4250 P5.2414.513382.27.3756.856.4
5500 P5.1314.512973.86.5053.150.8
pH Series soil was acidified using nitric acid for
“Lo H” and “MLo pH”):
6Lo pH4.9919.219291.04.1612953.1
7MLo pH5.1816.81601045.7781.264.0
2As is pH5.1816.01311027.3459.750.1
8Limed5.5710.110271.19.2819.957.6
Ca:Mg Ratio Series:
91.0 Ca5.2517.01341087.3265.055.0
20 Ca/Mg5.1816.01311027.3459.750.1
102.5 Mg5.1317.415290.46.7548.953.0
115.0 Mg5.0416.214987.65.7154.867.1
“TRT” = treatment
“MLo pH” = medium-low pH
The soil designations correspond to the soil designations in Example 1.

The “pH series” experiments demonstrate that the application of limestone increases the uptake of nickel in Alyssum so that plant tissues accumulate an increased concentration of nickel.

Example 3

The results show an increase in the geometric mean of nickel uptake in plant tissue by liming Alyssum plants cultivated on nickel-refinery contaminated Quarry muck (soil 2) (Table 4) and on nickel-refinery contaminated Welloam loam (soil 1), nickel-refinery contaminated Quarry muck (soil 2) and selected serpentine soils (soils 3-11) (Table 5) from Example 1. The cultivation conditions were the same as those for Examples 1 and 2.

TABLE 4
Effects of soil treatments on the mean concentrations
of elements in whole shoots and shoot yield of
Alyssum murale and Alyssum corsicum grown
on nickel-refinery contaminated Quarry muck (soil 2)
for 60 days.
ShootShootShootShoot
YldNiCoMN
SoilTRTTreatmentg/potg/kgmg/kgmg/kg
21None 8.46 d*3.33 abc 8.62 ab27.9 bc
Phosphate Series:
230 P10.78 a-d3.24 bc 5.50 b15.0 bc
22100 P12.09 a3.23 bc 5.75 ab14.5 bc
24250 P11.53 abc3.76 a 5.50 b18.6 bc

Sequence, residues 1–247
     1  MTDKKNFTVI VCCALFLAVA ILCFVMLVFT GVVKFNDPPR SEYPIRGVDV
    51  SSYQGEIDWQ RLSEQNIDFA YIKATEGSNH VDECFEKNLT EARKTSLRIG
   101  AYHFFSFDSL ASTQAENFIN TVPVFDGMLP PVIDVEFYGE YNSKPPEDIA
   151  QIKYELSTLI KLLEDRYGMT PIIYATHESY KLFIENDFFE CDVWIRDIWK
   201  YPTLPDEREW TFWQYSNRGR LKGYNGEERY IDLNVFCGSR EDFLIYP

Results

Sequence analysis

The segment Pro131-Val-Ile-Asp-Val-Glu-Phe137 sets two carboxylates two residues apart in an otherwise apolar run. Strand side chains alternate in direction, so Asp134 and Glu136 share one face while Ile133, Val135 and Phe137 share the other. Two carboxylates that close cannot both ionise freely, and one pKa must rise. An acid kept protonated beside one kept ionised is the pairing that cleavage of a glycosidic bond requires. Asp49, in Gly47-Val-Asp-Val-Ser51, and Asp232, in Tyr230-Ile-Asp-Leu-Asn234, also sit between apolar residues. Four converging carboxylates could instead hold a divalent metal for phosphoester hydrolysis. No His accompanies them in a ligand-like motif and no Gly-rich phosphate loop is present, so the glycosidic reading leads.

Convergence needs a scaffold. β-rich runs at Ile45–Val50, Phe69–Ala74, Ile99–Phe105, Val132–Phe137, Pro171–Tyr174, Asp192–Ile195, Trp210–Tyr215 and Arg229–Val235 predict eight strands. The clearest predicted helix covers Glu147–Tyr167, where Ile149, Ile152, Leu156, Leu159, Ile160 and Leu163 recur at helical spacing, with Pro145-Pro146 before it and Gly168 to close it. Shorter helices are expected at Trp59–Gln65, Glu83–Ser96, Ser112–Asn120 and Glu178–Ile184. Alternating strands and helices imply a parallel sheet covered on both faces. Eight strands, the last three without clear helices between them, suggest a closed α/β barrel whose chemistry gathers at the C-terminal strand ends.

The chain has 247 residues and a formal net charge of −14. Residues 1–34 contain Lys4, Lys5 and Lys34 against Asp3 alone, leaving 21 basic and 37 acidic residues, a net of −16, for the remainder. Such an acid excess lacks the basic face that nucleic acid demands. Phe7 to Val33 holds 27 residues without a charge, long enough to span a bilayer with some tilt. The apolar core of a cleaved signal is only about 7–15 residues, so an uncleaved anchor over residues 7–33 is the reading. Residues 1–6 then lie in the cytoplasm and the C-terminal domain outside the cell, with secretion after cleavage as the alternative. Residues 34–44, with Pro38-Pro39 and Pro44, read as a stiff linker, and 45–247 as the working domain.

22500 P11.86 ab3.30 abc 6.38 ab27.7 bc
pH Series:
26Lo pH12.01ab1.48 e10.25 a59.8 a
27Med pH 9.44 bcd2.12 d 6.12 ab29.0 b
22As is pH12.09 a3.23 bc 5.75 ab14.5 bc
28Limed11.14 abc3.72 ab 5.88 ab13.3 c
Ca:Mg Series:
29Ca 9.08 cd3.42 abc 6.38 ab16.3 bc
22As is Ca12.09 a3.23 bc 5.75 ab14.5 bc
210Med Mg11.66 ab3.03 c 4.62 b24.9 bc
211Hi Mg 9.98 a-d2.94 c 5.25 b23.3 bc
*a-e indicate means followed by the same letter are not significantly different at the P < 0.05 level according to the Duncan-Walker K-ratio t-test.
“TRT” = treatment

TABLE 5
Effect of altering nickel-refinery contaminated Welland
loam (soil 1), nickel-refinery contaminated Quarry muck
(soil 2) and serpentine soils (soils 3-11) by adding
phosphate, adjusting the pH or adjusting the Ca:Mg
ratio on soil pH, mean yield and micronutrient composition
of shoots of Alyssum species grown for 120 days
(GM designates geometric mean).
FinalGM-YieldGM-NiGM-CoGM-MnGM-ZnGM-FeGM-Cu
SoilTRTpHg/potmg/kg
1None6.3420.254607.611.9151614.8
Phosphate Treatments (phosphate added to the soil in kg/ha
by the addition of phosphate-containing fertilizer):
3 0 P6.0941.644005.816.5152564.2
2100 P6.0542.741205.718.6126574.5
4250 P6.0749.941205.121.4143574.8
5500 P5.9846.438005.122.9139544.2
pH Treatments (soil was acidified using nitric acid for “Lo pH” and “Med-pH”)
6Lo pH5.4432.220106.850.5153686.4
7Med-pH5.7636.127004.521.0143604.8
2As is pH6.0542.741205.718.6126574.5
8Limed6.2040.545206.315.8137554.1
Ca:Mg Treatments:
90.0 Ca6.1338.645106.316.2135574.8
21.0 Ca6.0542.741205.718.6126564.5
102.5 Mg5.9839.044105.916.2146634.6
115.0 Mg5.9144.042605.818.3158584.6
“TRT” = treatment
The soil designations correspond to the soil designations in Example 1.

Example 4

Novel Hyperaccumulators

The concentration of elements in the shoots of Alyssum species grown on a field of serpentine colluvial soil in Josephine County, Oreg., are shown in Table 6 below.

TABLE 6
RowSpeciesGenotypeBlockZnPCuCoNiMnFeMgCaK
139A. corsicum1611375.01914134005353.85.5220.943.3
483A. corsicum1621414.0881617500327555.9924.244.3
129A. murale491994.8071214100413973.9832.141.4
325A. murale4921064.6381617100464555.3231.741.7